Freight vessel means a motor vessel of more than 15 gross tons that carries freight for hire, except an oceanographic research vessel or an offshore supply vessel.


Industrial vessel means a vessel which, by reason of its special outfit, purpose, design, or function engages in certain industrial ventures. For the purposes of this subpart, this classification includes such vessels as dredges, cable layers, derrick barges, and construction and wrecking barges, but does not include vessels which carry passengers or freight for hire, OSVs, oceanographic research vessels, or vessels engaged in the fisheries.


Liquefied gas tankship means a self-propelled vessel equipped with cargo tanks primarily designed to carry liquefied or compressed gases in bulk.


Mobile offshore drilling unit (MODU) means a vessel capable of engaging in drilling operations for the exploration or exploitation of subsea resources that is: seagoing and 300 or more gross tons and self-propelled by machinery; Seagoing and 100 or more gross tons and non-self-propelled; or more than 65 feet in length and propelled by steam.


Nautical school vessel means a vessel operated by or in connection with a nautical school or an educational institution under section 13 of the Coast Guard Authorization Act of 1986, Public Law 99-640.


Non-profit organization means an organization under Internal Revenue Code (I.R.C.) section 501(c) which is exempt for the purposes of federal income taxation.


Oceanographic research vessel means a vessel that is being employed only in instruction in oceanography or limnology, or both, or only in oceanographic or limnological research, including those studies about the sea such as seismic, gravity meter, and magnetic exploration and other marine geophysical or geological surveys, atmospheric research, and biological research.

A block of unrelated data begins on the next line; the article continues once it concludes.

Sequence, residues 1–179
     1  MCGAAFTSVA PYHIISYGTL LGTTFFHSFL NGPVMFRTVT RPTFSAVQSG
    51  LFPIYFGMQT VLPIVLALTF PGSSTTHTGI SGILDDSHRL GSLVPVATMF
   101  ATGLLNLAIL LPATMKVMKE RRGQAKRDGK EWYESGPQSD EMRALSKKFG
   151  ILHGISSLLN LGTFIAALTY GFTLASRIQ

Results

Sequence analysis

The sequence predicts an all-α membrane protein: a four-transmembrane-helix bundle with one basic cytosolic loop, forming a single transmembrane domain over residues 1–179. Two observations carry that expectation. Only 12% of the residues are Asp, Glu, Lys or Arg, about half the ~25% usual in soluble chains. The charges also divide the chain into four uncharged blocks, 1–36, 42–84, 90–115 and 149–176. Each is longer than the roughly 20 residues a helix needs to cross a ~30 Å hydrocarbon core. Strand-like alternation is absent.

Offshore supply vessel or OSV means a vessel that –


(1) Is propelled by machinery other than steam;


(2) Does not meet the definition of a passenger-carrying vessel in 46 U.S.C. 2101(22) or 46 U.S.C. 2101(35);


(3) Is more than 15 gross tons; and


(4) Regularly carries goods, supplies, individuals in addition to the crew, or equipment in support of exploration, exploitation, or production of offshore mineral or energy resources.


Passenger barge means a non-self-propelled passenger vessel, including a prison barge or a barge which carries occupied recreational vehicles.


Passenger ship means a self-propelled passenger vessel.


Passenger vessel means a vessel of at least 100 gross tons:


(1) Carrying more than 12 passengers, including at least one passenger for hire;


(2) That is chartered and carrying more than 12 passengers;


(3) That is a submersible vessel carrying at least one passenger for hire; or


(4) That is a ferry carrying a passenger.


Political subdivision means a county, district, parish, township, city or similar governmental entity established within a State.


Publicly owned means, owned by (1) the federal government, or (2) the government of any State or political subdivision thereunder.


Sailing school vessel means a vessel of less than 500 gross tons, carrying more than 6 individuals who are sailing school instructors or sailing school students, principally equipped for propulsion by sail even if the vessel has an auxiliary means of propulsion, and owned or demise chartered and operated by a qualified organization during such times as the vessel is operated exclusively for the purposes of sailing instruction.


Sea-going towing vessel means a sea-going commercial vessel engaged in or intending to engage in the service of pulling, pushing or hauling alongside, or any combination of pulling, pushing or hauling alongside, that has been issued a Certificate of Inspection under the provisions of subchapter I of this chapter.


Self-elevating MODU means a mobile offshore drilling unit with movable legs capable of raising its hull above the surface of the sea.